This mountain is grouped with Sunlight and Windom Peaks (usually attempted on the same trip) as the three most remote 14ers in Colorado. Eolus lies in what many people believe is the finest range in Colorado, the San Juans. The northern wall of beautiful Chicago Basin, where most climbers set up high camp before summiting, is formed by Mt. Eolus. Mount Eolus has two summits, the southern one being the higher one, and also the highest point in La Plata County (the lower one is at 14,039 ft). Depending on the weekend, there can be plenty of people in this 'remote' wilderness. The easiest route is Class 3 with stimulating exposure. The name 'Eolus' is derived from the Greek god of winds, Aeolus.
The most common way to reach the trailhead is by the Durango-Silverton narrow gauge railroad. One can take the train from Durango to Silverton, or the other way around. Make sure to take plenty of time to enjoy the wonderful views along the way. If approaching from the north, the drive from Montrose to Silverton should take a good two hours, as the two-lane road can be slow due to the many hairpin turns (the stretch from Ouray to Silverton is called 'the Million Dollar Highway,' and is a scenic byway). Take the train to the Needleton stop. Please call the railroad company, as not all trains stop here. More information on the Durango-Silverton Narrow Gauge Railroad can be found at:
Address: 479 Main Ave.
Durango, CO 81301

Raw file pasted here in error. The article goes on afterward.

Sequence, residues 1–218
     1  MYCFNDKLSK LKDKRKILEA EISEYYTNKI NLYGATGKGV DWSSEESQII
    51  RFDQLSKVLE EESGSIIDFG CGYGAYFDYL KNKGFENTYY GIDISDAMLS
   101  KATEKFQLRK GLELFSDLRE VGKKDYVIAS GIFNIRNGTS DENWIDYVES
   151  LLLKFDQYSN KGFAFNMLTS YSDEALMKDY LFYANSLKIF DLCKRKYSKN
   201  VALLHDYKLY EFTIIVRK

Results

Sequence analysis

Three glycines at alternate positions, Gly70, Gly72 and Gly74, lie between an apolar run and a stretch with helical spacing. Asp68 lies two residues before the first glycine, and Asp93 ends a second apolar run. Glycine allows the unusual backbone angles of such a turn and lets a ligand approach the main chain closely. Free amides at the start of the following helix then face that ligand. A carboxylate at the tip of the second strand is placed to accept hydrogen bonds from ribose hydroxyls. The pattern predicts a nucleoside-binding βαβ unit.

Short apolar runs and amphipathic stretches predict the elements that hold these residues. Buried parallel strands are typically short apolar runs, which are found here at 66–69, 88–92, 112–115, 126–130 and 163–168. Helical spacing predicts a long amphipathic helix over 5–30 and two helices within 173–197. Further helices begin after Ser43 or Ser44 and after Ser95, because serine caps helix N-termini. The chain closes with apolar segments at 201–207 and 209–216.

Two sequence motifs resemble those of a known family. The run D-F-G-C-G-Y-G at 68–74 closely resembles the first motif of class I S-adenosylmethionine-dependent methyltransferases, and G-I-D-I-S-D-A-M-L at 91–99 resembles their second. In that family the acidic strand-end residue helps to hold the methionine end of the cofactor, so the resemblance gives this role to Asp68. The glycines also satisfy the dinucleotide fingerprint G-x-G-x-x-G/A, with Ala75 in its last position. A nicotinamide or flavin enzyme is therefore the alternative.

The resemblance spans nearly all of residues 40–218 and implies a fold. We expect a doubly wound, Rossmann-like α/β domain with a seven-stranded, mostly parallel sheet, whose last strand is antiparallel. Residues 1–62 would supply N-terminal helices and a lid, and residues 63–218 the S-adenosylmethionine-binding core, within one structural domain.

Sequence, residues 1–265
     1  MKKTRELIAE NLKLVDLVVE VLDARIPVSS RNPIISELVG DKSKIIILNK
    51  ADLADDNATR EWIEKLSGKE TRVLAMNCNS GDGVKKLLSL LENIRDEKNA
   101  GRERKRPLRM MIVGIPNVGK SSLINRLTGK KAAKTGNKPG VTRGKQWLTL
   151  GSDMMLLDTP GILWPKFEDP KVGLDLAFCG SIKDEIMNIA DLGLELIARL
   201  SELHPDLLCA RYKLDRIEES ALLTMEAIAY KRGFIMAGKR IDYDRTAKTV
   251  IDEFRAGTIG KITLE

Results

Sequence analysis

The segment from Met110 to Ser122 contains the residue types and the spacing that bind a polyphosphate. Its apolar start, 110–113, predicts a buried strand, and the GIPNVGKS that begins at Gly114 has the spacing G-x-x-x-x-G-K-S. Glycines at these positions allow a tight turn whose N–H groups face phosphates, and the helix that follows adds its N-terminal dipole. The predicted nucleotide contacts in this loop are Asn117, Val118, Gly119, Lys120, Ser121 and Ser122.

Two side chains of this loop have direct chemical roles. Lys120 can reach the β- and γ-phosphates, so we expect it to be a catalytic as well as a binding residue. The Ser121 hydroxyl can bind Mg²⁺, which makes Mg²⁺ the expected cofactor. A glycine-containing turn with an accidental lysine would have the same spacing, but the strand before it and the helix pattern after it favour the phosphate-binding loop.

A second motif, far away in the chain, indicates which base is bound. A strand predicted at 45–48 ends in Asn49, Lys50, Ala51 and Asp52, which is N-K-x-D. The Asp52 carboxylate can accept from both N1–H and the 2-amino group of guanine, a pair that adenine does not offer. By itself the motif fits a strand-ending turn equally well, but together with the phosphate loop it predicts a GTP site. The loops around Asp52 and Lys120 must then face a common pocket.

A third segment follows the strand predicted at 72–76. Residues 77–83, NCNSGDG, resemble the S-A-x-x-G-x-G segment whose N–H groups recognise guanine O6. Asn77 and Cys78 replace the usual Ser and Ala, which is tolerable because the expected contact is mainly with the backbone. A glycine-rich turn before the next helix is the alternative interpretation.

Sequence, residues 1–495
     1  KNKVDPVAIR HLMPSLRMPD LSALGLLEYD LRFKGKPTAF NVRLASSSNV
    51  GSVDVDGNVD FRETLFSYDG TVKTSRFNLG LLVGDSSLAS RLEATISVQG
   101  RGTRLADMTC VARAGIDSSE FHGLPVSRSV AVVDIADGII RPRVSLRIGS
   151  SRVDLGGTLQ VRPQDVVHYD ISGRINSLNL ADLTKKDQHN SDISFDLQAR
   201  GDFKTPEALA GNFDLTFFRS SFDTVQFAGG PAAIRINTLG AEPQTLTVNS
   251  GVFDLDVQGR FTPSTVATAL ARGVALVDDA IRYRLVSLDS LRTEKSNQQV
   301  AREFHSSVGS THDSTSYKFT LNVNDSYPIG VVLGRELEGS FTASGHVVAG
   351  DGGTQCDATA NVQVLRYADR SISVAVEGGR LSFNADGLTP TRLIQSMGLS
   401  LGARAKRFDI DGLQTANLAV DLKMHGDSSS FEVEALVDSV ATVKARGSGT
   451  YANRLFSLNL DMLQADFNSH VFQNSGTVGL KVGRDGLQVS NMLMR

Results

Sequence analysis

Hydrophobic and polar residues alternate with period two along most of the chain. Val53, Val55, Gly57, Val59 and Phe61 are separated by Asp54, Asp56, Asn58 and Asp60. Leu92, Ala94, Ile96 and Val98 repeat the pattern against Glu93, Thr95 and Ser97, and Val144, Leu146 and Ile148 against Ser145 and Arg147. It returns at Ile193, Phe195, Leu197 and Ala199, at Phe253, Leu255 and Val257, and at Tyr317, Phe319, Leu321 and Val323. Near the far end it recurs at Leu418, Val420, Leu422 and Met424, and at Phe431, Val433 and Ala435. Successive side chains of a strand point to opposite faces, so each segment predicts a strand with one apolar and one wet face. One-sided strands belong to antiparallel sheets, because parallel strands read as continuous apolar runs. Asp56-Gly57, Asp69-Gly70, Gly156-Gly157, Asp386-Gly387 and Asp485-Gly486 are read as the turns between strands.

From the Needleton trailhead (elevation = 8,200 ft), walk up the Needle Creek trail to Chicago Basin (~11,200 ft) and enjoy the wonderful views at treeline. Camp is most often established here. The trail is pretty clear from this point up to Twin Lakes, and on up to the summit.
For ideas on planning your trip, more info about the area, and 411 on a worthy organization, check out the San Juan Mountains Association web site, & go to Chicago Basin Trip Planning .
No fees are required (unless you get fined- see below)- just remember to camp at least 100 ft. from the numerous water sources. There are no fires allowed in the Needle Creek drainage, so remember your stove!!
As with most Colorado 14ers, late-June through September offers the easiest climbing.
Camping is allowed the entire length of the Needle Creek trail (with many good potential spots along the way), originally a mining trail, which stretches 6 miles from near the train drop-off up to upper Chicago Basin. Be aware of the 100 ft. distance required between your tent and any water source, however. Most parties prefer to set up camp in Chicago Basin itself, as it is the most scenic here, and the approach for the actual climb is the shortest from this point.
Also, camping is not permitted at Twin Lakes or within the closure area. Check for the few sites right out of the closure area that are also at least 100' from water. Rangers patrol the area frequently, and may cite you if you disobey.
For current conditions, try the US Forest Service or Colorado Climber's Club. Also, beware the all-too frequent afternoon thunderstorms of the Colorado Rockies (be at the summit by noon, as a general guideline) in the summer. This is a bad mountain to be stranded on with threatening weather; descent from the summit is time-consuming and given poor weather conditions, potentially dangerous (the most popular route goes across a knife-edge with considerable exposure)